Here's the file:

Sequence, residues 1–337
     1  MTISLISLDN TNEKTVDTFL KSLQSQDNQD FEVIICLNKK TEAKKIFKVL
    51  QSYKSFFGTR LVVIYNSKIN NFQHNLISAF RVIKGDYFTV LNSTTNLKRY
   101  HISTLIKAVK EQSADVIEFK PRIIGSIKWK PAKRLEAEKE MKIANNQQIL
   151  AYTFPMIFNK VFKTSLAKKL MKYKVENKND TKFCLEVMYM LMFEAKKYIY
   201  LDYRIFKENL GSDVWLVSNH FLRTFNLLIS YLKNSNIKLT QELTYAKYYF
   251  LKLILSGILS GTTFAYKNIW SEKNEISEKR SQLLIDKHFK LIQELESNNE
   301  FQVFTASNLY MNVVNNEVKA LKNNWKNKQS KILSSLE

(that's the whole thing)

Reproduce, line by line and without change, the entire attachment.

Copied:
Sequence, residues 1–337
     1  MTISLISLDN TNEKTVDTFL KSLQSQDNQD FEVIICLNKK TEAKKIFKVL
    51  QSYKSFFGTR LVVIYNSKIN NFQHNLISAF RVIKGDYFTV LNSTTNLKRY
   101  HISTLIKAVK EQSADVIEFK PRIIGSIKWK PAKRLEAEKE MKIANNQQIL
   151  AYTFPMIFNK VFKTSLAKKL MKYKVENKND TKFCLEVMYM LMFEAKKYIY
   201  LDYRIFKENL GSDVWLVSNH FLRTFNLLIS YLKNSNIKLT QELTYAKYYF
   251  LKLILSGILS GTTFAYKNIW SEKNEISEKR SQLLIDKHFK LIQELESNNE
   301  FQVFTASNLY MNVVNNEVKA LKNNWKNKQS KILSSLE